ended on its 20th day Wednesday morning with Gov. Mark Dayton's signing of a dozen budget bills that the House and Senate passed overnight in a marathon, 12-hour special session.
At 9 a.m. Wednesday, Dayton signed into law all 12 budget bills passed in the middle of the night Wednesday by the Minnesota House and Senate. Dayton’s signatures ended the shutdown of Minnesota government—at 20 days, it was the longest continuous shutdown of any state government in United States history.
Insults were hurled. Accusations were made. Pleas were ignored. But in the end, the people’s business was finished.
It took less than an hour’s work for Minnesota lawmakers, who reconvened Tuesday afternoon, to pass five bills—and each legislative body ended up passing 12 bills between 3 p.m Tuesday and 3:30 a.m. Wednesday.
Knuth: 'I vote no'
Rep. Kate Knuth, a DFLer who represents a slice of southeastern Fridley, logged her displeasure with the session's breakneck pace and lack of public input via Twitter, starting with this message: "first budget bill in special session. Transportation bill. abt 10 minutes of debate." Then came:
6:46 p.m. Tuesday: "Trying to figure out how the public has any chance to understand what these bills actually do."
9:48 p.m. Tuesday: "Appropriation bonds being used to solve #MNbudget have never been used in MN. Future generations will pay for today's spending. I vote no."
2:50 a.m. Wednesday: "MN House passed K-12 bill, nearly 40% of budget, an hour after it was posted online, at 2:30 am. Shifts school funding 40%."
Listed below are the bills and the votes that passed them:
Bonding bill: 53-11
K-12 Education: 36-28
State Government bill: 40-24
Health and Human Services bill: 37-27
Pensions bill: 61-3
Taxes bill: 37-27
Judiciary/Public Safety bill: 57-7
Environment bill: 43-22
Jobs and Economic Growth bill: 42-23
Transportation bill: 38-27
Higher education bill: 35-30
Legacy bill: 65-0
Minnesota House of Representatives
State Government bill: 81-47
K-12 Education bill: 71-56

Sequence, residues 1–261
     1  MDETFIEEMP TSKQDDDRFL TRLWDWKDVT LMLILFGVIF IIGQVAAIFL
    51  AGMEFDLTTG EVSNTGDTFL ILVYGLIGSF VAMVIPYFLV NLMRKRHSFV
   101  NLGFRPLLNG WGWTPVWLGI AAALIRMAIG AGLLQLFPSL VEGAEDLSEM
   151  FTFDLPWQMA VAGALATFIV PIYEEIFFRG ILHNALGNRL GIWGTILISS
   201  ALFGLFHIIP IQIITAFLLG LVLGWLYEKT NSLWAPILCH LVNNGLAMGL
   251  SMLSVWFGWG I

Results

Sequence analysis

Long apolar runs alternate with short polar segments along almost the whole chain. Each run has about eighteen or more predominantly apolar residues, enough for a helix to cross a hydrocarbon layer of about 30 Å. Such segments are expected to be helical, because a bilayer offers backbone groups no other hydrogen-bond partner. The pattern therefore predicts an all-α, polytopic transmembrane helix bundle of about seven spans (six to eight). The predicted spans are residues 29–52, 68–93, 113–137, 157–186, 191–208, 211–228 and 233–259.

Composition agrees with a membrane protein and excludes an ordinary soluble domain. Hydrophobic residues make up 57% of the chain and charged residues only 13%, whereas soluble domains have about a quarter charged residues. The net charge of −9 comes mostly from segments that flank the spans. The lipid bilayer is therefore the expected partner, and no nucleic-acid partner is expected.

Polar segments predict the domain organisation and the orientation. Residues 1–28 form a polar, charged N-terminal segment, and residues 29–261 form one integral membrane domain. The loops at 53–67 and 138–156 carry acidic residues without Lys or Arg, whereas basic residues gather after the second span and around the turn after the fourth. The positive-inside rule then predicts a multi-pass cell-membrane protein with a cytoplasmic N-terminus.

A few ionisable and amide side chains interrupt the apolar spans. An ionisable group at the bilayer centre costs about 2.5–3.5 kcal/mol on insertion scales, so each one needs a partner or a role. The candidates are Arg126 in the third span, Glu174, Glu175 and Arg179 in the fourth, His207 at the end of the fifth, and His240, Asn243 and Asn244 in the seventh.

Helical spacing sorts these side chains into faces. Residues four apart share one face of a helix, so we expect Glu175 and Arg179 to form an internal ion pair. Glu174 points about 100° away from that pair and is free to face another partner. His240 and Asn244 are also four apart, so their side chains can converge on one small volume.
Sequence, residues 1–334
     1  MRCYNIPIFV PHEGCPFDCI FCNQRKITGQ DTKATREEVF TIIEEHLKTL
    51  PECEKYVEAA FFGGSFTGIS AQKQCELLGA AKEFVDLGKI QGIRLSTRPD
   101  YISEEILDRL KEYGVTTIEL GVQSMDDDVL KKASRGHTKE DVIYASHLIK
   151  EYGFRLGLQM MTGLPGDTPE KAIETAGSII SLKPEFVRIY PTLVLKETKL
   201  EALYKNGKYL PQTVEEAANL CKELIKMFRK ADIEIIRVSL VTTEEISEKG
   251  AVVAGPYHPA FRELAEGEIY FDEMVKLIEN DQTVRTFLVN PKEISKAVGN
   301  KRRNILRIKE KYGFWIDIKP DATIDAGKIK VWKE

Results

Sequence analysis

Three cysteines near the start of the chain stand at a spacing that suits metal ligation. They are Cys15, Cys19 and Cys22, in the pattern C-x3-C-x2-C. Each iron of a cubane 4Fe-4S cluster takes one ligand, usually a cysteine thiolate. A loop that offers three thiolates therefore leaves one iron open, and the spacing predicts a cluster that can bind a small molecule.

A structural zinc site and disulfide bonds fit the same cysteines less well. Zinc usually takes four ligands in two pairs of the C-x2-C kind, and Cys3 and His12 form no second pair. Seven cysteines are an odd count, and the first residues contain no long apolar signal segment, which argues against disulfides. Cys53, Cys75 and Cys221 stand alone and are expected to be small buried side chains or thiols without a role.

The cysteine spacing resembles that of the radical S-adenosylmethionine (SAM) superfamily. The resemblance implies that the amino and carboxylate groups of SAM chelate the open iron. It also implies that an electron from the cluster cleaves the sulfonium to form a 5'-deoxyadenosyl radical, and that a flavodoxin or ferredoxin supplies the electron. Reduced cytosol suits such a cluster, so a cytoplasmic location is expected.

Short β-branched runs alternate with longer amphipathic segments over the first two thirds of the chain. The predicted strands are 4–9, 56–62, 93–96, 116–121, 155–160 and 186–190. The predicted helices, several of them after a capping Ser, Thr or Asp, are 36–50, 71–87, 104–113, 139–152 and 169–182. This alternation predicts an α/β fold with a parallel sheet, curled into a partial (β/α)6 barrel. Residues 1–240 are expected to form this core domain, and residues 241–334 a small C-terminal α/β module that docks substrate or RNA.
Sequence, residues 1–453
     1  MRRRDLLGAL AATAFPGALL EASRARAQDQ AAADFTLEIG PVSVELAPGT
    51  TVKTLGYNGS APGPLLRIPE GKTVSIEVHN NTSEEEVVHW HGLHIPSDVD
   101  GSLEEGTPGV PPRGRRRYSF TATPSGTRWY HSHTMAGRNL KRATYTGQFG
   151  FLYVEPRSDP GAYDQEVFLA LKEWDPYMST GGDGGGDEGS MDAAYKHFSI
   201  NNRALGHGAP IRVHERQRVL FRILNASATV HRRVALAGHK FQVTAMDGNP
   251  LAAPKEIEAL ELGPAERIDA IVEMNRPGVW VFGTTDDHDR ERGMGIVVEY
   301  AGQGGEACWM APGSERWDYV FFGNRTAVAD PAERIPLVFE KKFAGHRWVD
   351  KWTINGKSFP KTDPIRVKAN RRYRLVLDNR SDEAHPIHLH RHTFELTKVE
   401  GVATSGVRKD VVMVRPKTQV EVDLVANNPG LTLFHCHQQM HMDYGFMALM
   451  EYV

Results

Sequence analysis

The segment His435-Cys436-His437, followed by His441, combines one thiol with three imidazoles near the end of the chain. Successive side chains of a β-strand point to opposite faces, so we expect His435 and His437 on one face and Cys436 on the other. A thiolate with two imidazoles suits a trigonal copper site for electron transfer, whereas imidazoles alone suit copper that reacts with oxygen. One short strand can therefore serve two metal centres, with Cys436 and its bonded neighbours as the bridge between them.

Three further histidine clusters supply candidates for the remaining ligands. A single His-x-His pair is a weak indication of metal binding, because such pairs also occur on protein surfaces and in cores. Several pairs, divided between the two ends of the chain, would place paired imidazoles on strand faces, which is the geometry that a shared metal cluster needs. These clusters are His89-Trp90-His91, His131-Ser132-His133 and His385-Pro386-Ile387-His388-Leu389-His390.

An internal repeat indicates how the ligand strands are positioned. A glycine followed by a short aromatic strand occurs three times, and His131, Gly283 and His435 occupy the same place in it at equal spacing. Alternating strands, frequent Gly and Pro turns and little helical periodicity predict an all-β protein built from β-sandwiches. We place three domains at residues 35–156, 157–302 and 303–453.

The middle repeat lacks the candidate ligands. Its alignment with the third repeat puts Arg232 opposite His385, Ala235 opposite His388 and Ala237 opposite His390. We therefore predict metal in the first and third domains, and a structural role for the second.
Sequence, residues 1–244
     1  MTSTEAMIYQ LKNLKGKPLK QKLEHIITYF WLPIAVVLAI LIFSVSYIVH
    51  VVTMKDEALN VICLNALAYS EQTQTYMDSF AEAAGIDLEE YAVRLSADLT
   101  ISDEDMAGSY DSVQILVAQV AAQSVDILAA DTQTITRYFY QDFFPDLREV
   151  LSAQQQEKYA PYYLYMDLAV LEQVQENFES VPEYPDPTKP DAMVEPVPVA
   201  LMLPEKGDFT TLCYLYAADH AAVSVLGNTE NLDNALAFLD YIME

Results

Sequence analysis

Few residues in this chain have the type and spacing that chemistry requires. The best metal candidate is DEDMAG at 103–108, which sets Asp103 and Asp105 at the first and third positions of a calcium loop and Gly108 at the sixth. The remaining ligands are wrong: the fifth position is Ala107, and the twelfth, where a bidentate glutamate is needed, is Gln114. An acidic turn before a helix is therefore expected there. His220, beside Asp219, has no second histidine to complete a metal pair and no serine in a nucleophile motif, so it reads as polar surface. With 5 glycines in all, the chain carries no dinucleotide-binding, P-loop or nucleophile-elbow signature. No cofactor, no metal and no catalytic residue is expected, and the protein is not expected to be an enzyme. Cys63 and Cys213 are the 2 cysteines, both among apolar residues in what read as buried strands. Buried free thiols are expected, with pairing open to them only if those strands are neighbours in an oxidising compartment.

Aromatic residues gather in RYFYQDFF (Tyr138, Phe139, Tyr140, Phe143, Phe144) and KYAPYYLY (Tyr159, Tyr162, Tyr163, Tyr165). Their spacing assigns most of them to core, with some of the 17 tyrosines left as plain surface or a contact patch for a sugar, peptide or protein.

Health and Human Services bill: 71-57
Pensions bill: 115-12
Bonding bill: 112-17
Legacy bill: 98-30
Taxes bill: 71-57
Transportation bill: 71-56
Higher education bill: 71-57
Judiciary/Public Safety bill: 77-51
Environment bill: 71-57
Jobs and Economic Growth bill: 76-50
How It Began
The House and Senate took their seats in the Legislature at around 3 p.m. Tuesday, opened the special session, observed a moment of silence for the late Sen. Linda Scheid (DFL-Brooklyn Park) and then recessed for more than three hours.
When they reconvened at around 7 p.m., they got to work. Within an hour, the Senate had passed six bills; the House had passed five. The Legislature then went into recess again; lawmakers were back at their desks later in the evening.
The session, with often acrimonious debate, ended after 3 a.m. Wednesday with all bills passed.
The bigger budget bills were the session's most complex and contentious pieces of legislation, including health and human services, taxes, K-12 education, bonding, pension and state government.
Earlier: 'Be Ready'
The overarching message to Minnesotans is “Be ready.” That came from Gov. Mark Dayton’s chief of staff, Tina Smith, and Minnesota Management and Budget commissioner Jim Schowalter.
Smith and Schowalter sounded cautious optimism in a conference call with media on Tuesday afternoon.
“There are a lot of assumptions right now,” Schowalter said. “But it is important to remind everyone that normal operations will not resume immediately. The bills must pass both bodies and then be signed into law by the governor.”
Schowalter said that while the timing and enactment of the bills was still uncertain, after Dayton signs them, money will become available to the respective agencies.
It’s “unlikely,” Smith said, that state workers would go back to their jobs on Wednesday, noting the logistics of passing the legislation and contacting workers. Each agency will have its own process for resuming operations, and state employees will be given 24 hours notice to return to work, Schowalter explained.
Smith and Schowalter concluded the call by encouraging Minnesotans to check out the Be Ready website, created by the state to deliver real-time information.
“We are moving forward with two things right now: urgency and common sense,” Smith said.
“The goal,” Smith reiterated, “is to restart the government as quickly as we can and get Minnesotans back to work.”